The most dejected and indigent character in the film, Helena suffers from an unknown infirmity that has her bedridden with limited ability to speak. Her sister Eva performs what one might term ‘motherly duties’ while her husband Viktor is mostly unsuccessful in communicating with her. Seeing Helena’s condition is of greater pain to Charlotte. Of course, there’s a strong undercurrent of guilt. After all, Helena is her blood-child. Then again, did Charlotte ever expect her possible heir to be ‘disabled’?
“Why can’t she just die?”, exclaims Charlotte as she travels in a train with a friend. Now this isn’t the most motherly thing to say. But is it wrong if the real, raw person in her thinks so? Not quite.
Viktor – The Resilient Husband
A pastor by profession, Viktor is well-aware that Eva doesn’t love him and he loves her back intensely. “I long for you,” he says. Not a need-based relationship, Viktor’s tenderness, in many ways, holds Autumn Sonata together. If Eva and Helena were living a lonely existence, the film would have been tad too manipulative to buy. Together with Viktor, Eva creates a domestic unit that is functional (not perfect in idealist terms) and this contended arrangement lends the film nuances and a quiet rhythm.
For someone who knows the whole picture, it is wonderful to see how Viktor isn’t myopic to confrontations that he shouldn’t be a part of.
Autumn Sonata also speaks about Charlotte’s partner whose demise took place a while ago. Charlotte speaks in length on how she took care of him in his last days. The queasy room they were put up at. Was all of it a move to makeup for her inabilities as a care-taking mother? Possibly.
Charlotte even shares an anecdote how her performances clearly fell short of absolute brilliance, which wasn’t a case in her early performing days. We also see her interact with her only friend and manager on phone. She cuts short her off-time upon hearing the paycheck she was being offered. Materialistic, yes, and that too with not much of regret.
Materials did matter to Charlotte. She flaunts her designer gown with glee. She gifts her bedridden daughter a watch because her not having one was a sign of inadequacy. Charlotte also intended to her elder daughter and husband a fancier car. The other expected none of it from her end.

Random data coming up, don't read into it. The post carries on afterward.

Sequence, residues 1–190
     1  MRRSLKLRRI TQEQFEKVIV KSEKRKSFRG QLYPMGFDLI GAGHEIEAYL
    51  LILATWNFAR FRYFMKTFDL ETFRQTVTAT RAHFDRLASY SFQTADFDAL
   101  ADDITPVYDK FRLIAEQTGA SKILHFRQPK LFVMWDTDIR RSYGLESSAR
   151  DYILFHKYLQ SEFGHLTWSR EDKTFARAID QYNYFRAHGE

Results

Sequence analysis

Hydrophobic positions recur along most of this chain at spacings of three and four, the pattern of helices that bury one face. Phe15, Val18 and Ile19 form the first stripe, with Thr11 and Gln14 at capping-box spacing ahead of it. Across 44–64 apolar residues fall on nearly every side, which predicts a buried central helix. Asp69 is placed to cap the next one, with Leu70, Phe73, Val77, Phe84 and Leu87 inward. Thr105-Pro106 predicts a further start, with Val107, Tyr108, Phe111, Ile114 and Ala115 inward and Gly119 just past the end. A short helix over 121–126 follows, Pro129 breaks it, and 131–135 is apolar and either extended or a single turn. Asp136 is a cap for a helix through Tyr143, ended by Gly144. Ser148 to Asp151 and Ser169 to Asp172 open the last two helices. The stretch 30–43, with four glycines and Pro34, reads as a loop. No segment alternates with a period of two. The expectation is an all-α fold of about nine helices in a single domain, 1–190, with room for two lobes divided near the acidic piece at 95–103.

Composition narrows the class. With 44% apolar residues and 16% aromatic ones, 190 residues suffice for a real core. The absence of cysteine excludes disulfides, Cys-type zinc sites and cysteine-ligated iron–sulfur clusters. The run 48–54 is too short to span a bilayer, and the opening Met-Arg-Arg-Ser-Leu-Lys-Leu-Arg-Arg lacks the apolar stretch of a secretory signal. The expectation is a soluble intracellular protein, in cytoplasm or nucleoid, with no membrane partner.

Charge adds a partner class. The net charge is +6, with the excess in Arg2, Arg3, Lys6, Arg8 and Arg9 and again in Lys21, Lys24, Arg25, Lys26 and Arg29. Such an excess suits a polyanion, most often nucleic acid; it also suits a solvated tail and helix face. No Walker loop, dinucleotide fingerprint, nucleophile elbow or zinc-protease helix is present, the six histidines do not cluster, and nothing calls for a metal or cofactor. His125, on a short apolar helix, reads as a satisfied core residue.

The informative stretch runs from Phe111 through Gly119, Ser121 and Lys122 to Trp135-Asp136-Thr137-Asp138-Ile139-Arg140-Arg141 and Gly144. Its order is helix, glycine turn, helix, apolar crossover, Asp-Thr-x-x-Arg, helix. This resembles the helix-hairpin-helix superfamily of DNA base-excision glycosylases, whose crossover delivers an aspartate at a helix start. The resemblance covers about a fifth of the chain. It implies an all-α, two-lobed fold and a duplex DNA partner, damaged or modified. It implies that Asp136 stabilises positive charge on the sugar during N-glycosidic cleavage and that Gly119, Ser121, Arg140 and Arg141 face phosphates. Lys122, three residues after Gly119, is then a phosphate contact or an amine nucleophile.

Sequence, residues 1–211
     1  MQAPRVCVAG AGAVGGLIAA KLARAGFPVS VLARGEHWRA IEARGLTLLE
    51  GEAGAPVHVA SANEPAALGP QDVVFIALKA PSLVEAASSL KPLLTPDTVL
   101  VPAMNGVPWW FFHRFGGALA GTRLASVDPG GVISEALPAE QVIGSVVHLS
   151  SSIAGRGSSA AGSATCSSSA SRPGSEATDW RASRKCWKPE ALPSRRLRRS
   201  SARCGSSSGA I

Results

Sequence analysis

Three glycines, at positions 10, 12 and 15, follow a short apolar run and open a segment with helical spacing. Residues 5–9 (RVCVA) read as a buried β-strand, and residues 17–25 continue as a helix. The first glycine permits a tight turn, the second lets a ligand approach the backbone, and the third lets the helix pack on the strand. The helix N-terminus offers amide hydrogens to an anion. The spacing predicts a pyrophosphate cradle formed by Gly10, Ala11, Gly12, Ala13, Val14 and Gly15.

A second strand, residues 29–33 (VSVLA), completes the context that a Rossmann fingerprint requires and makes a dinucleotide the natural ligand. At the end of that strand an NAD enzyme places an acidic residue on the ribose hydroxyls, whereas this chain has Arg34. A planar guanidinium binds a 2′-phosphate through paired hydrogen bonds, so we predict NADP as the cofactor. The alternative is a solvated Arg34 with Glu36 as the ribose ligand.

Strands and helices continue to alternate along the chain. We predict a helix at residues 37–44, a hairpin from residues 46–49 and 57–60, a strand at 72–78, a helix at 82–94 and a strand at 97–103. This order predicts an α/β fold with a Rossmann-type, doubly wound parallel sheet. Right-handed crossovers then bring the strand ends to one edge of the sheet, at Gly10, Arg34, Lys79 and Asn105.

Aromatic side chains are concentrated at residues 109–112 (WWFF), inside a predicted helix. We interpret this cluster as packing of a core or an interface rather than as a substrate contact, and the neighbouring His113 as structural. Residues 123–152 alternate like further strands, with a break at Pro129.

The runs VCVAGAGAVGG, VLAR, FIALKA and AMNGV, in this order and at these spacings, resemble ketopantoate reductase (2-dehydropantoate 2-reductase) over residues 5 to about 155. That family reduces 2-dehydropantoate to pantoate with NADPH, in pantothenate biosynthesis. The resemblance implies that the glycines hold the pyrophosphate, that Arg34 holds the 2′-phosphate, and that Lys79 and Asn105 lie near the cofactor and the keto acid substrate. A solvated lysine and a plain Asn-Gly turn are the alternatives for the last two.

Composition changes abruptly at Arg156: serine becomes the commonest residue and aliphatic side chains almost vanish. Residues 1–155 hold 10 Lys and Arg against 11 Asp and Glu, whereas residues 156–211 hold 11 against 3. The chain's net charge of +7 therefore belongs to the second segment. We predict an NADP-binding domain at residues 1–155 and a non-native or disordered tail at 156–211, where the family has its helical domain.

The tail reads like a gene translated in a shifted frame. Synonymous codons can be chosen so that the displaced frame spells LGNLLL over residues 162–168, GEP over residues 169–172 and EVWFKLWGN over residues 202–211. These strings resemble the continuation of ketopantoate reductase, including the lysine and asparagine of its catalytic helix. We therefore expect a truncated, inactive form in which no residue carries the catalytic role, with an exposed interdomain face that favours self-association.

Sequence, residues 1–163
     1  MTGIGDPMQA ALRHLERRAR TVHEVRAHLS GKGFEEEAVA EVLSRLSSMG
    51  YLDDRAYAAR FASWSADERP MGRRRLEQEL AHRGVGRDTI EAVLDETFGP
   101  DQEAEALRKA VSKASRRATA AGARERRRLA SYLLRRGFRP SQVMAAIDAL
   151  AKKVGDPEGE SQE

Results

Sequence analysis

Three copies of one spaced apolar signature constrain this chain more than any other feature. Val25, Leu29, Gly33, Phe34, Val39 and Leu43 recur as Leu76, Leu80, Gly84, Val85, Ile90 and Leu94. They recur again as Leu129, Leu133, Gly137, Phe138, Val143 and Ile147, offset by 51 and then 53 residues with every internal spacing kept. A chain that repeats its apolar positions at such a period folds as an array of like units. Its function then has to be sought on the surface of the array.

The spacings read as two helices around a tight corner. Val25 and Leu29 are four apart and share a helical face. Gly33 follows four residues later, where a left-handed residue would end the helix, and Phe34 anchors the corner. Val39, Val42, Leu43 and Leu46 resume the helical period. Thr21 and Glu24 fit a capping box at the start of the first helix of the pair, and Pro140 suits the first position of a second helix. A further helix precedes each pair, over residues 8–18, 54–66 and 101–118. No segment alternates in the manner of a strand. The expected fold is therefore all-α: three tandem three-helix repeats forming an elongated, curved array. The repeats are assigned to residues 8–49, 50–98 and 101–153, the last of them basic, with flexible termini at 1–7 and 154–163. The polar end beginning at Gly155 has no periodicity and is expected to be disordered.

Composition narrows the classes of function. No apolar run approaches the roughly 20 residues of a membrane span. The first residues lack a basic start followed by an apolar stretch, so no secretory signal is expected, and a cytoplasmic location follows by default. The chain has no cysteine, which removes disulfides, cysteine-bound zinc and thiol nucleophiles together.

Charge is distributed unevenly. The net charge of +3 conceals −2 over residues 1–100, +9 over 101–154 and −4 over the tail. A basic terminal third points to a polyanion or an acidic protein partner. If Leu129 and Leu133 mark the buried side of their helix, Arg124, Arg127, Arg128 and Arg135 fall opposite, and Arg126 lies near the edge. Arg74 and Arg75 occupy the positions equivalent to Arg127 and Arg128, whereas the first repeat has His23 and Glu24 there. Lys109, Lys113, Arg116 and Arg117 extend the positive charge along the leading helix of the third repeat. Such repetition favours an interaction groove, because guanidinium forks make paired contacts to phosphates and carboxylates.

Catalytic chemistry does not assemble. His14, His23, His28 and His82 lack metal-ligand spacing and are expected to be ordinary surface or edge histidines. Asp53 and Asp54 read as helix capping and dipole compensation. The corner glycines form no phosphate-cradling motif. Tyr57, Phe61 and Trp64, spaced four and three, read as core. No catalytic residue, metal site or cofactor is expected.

A tale of longing, acceptance and absolution, Autumn Sonata might not be one of Ingmar Bergman’s Top 5 works. Yet, awarded and credited for all its merits, the film successfully stood the test of time. Its content, emotions, style of editing and shot-taking remains contemporary past decades. And what more to say about acting? Liv Ullmann delivers a masterclass as she goes out exposing her inner clutter in the final outburst. As for Ingrid Bergman, whom we consider one of the finest actors to have ever graced world cinema, one ought to look at her face when her daughter plays Chopin’s Prelude No.2 in A minor.
This, perhaps, is the finest scene in the otherwise conversation-heavy film. Sublime, poetic while conveying a umpteen feelings with barely any word exchanged.
Autumn Sonata, albeit its bare confrontations, is modest by all means. The characters are far from wicked. They are combative for their own reasons. Their faults are not manoeuvred to absolute dark areas. Eva, Charlotte and Helena are as grey as we all are. Moreover, there is no message that Autumn Sonata intends to give. If there prevails one, it is about the need to bare one’s soul to whom it matters the most. On the need for emotional closures, without fearing repercussions. Possibly there’s no tomorrow in this story. Or maybe there is one…